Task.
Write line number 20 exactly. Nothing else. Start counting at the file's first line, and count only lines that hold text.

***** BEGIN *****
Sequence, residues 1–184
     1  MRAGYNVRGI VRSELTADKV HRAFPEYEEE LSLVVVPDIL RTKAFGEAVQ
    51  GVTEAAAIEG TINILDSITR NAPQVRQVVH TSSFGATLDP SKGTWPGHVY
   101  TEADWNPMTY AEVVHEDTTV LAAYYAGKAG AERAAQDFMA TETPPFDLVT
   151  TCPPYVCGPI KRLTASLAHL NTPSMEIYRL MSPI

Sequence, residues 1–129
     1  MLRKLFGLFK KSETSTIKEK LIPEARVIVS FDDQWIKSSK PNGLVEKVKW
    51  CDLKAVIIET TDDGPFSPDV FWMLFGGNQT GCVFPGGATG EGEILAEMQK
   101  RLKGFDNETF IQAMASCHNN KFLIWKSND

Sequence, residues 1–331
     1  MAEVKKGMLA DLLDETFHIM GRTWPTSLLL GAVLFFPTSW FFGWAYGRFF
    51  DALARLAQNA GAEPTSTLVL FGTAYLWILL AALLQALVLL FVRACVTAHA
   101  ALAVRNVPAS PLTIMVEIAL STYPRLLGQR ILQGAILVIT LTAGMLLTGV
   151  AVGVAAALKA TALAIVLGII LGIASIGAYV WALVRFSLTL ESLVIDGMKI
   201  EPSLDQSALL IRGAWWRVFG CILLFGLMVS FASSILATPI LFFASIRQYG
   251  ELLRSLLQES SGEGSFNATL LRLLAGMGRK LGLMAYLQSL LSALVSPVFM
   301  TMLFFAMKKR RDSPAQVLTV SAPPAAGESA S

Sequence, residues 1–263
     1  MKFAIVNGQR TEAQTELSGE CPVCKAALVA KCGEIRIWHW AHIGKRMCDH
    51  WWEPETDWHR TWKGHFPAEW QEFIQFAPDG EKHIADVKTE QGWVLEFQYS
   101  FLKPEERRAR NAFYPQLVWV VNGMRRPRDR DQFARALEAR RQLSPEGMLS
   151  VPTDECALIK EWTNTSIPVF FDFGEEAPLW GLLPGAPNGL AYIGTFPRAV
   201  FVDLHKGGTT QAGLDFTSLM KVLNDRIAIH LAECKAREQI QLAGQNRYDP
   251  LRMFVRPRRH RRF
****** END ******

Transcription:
    51  WWEPETDWHR TWKGHFPAEW QEFIQFAPDG EKHIADVKTE QGWVLEFQYS